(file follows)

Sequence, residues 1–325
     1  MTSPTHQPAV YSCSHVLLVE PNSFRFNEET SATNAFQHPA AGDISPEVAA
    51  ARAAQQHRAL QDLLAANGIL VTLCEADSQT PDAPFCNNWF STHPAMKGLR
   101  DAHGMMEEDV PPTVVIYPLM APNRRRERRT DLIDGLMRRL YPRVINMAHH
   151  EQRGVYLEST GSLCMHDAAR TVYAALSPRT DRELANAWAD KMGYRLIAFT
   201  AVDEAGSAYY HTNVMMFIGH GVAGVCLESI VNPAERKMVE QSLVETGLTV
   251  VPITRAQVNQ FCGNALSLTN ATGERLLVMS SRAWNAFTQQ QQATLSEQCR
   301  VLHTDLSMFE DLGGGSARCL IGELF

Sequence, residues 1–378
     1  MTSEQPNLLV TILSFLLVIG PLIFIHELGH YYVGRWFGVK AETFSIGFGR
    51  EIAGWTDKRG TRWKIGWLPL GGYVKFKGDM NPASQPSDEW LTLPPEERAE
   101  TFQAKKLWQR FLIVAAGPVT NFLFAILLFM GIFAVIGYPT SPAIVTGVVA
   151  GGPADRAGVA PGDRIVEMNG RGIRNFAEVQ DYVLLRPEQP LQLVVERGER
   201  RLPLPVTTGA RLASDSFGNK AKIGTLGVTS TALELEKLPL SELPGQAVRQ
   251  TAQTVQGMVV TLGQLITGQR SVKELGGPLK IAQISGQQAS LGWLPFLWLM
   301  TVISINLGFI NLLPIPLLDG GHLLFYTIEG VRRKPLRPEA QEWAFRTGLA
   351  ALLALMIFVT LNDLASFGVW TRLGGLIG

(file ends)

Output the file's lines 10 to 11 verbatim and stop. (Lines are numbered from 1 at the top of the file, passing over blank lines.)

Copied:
     1  MTSEQPNLLV TILSFLLVIG PLIFIHELGH YYVGRWFGVK AETFSIGFGR
    51  EIAGWTDKRG TRWKIGWLPL GGYVKFKGDM NPASQPSDEW LTLPPEERAE